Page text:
Settles met with Takeisha Jefferson, a Michigan-based photographer and longtime Detroit Fine Arts Breakfast Club member, at an art exhibit she was holding in Ypsi. There, Settles learned about the Fine Arts Breakfast Club model for the first time.

"Takeisha took me to a meeting of the Fine Arts Breakfast Club, and I was blown away by the atmosphere and energy, and the way artists were supporting and encouraging each other," Settles says. "I pitched it to the folks at Riverside, and we agreed that this is something that Ypsi needs to bring all of these artists together, at least a few times a month."

Jefferson, who has acted as a liaison between Warren, Settles, and Detroit’s club, says the concept of the club is "vital for a place like Ypsi." 
Takeisha Jefferson at the inaugural meeting of the Ypsi Fine Arts Club.
"We’re rich in talent, but have long lacked a unifying platform that brings our artists into the limelight," Jefferson says.

Jefferson took Settles back to another meeting in Detroit, bringing Warren along this time as well. Warren was pleasantly surprised to win the Detroit club's regular art raffle on her first night, and to connect with the club's co-founder, Henry Harper.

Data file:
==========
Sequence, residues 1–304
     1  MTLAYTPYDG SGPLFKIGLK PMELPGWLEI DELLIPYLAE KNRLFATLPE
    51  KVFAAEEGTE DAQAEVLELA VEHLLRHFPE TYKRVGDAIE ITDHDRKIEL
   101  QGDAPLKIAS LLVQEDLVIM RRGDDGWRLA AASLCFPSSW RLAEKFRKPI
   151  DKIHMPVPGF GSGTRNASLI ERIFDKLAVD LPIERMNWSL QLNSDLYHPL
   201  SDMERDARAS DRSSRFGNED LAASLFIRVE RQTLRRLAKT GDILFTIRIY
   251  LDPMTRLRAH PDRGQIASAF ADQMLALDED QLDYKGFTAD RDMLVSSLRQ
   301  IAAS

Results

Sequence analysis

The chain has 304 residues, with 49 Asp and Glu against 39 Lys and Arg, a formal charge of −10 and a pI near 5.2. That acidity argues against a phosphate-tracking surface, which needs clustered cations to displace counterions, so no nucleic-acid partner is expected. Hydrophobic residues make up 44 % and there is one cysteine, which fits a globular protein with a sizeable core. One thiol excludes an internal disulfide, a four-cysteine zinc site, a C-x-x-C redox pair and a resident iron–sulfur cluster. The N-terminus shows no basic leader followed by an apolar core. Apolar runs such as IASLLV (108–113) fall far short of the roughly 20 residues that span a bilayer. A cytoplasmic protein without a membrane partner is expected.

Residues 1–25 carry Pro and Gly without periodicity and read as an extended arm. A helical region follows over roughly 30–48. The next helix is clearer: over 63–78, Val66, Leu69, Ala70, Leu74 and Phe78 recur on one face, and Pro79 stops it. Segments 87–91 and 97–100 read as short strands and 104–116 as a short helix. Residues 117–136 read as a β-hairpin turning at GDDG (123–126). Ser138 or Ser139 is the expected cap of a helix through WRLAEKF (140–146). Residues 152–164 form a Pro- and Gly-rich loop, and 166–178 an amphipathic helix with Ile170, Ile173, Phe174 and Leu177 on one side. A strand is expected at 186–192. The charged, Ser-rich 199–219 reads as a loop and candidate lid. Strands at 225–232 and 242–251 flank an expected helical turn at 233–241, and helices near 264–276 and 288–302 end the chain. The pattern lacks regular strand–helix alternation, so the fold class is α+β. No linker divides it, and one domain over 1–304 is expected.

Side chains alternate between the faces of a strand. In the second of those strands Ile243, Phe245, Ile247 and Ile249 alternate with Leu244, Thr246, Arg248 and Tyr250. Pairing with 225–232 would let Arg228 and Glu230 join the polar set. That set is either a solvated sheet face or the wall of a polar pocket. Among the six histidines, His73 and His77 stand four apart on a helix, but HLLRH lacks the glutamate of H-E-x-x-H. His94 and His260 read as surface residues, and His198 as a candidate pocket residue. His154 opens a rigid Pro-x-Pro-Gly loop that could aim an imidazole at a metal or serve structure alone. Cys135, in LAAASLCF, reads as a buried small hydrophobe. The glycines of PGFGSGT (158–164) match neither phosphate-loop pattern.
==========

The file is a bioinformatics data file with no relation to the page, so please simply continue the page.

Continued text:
"He has been very responsive, kind, and excited to have another platform for artists to be able to talk about their work and become better artists," Warren says.

The artist raffle, along with other aspects of Detroit’s format, have all found a home in Ypsi’s club as well, paying homage to the club's inspiration in Detroit. Jefferson feels that by doing so, she, Warren and Settles are "not only creating a space for artists to thrive, but also ensuring the artist is visible in the art." 

"The Ypsi Fine Arts Club, in many ways, is the key to uncovering the many hidden gems in our region and giving them the recognition they deserve," Jefferson says. "'I’m ecstatic about the enthusiastic turnout we've had so far, which is a testament to the dedication of Riverside and Lynne to our community."
Lynne Settles at the inaugural meeting of the Ypsi Fine Arts Club.
Ypsilanti mixed-media painter Alysia Yvette attended both the soft, private launch of the Ypsi Fine Arts Club and the public inaugural meeting in May. She feels the club will provide an avenue for her to connect with more artists, with the added bonus of possibly selling work.

"Becoming a part of this group was important to me personally, because I found it difficult trying to navigate this art space and find different events and ways to get myself and my art out there," Yvette says. "Being a member of the club, I have access to much more information regarding upcoming events and shows. I've been able to speak with other artists and start trying new things."